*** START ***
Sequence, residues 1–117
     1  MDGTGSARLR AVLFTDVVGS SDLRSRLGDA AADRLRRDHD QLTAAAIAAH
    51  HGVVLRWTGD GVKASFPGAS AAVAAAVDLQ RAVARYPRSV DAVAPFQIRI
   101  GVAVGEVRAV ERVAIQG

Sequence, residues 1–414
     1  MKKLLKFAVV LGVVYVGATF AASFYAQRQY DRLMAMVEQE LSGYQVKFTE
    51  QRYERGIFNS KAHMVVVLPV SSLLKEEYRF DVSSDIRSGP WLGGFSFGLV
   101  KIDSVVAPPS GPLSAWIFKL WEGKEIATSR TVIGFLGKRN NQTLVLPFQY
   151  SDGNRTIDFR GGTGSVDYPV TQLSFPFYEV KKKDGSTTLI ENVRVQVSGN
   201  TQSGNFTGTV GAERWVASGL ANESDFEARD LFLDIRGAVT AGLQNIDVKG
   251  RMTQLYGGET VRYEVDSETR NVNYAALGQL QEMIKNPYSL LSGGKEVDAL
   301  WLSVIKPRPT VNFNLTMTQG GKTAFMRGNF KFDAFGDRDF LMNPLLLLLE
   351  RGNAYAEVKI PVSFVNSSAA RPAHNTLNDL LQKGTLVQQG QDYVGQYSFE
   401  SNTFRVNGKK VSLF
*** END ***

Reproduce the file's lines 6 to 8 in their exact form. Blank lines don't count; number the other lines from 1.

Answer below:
     1  MKKLLKFAVV LGVVYVGATF AASFYAQRQY DRLMAMVEQE LSGYQVKFTE
    51  QRYERGIFNS KAHMVVVLPV SSLLKEEYRF DVSSDIRSGP WLGGFSFGLV
   101  KIDSVVAPPS GPLSAWIFKL WEGKEIATSR TVIGFLGKRN NQTLVLPFQY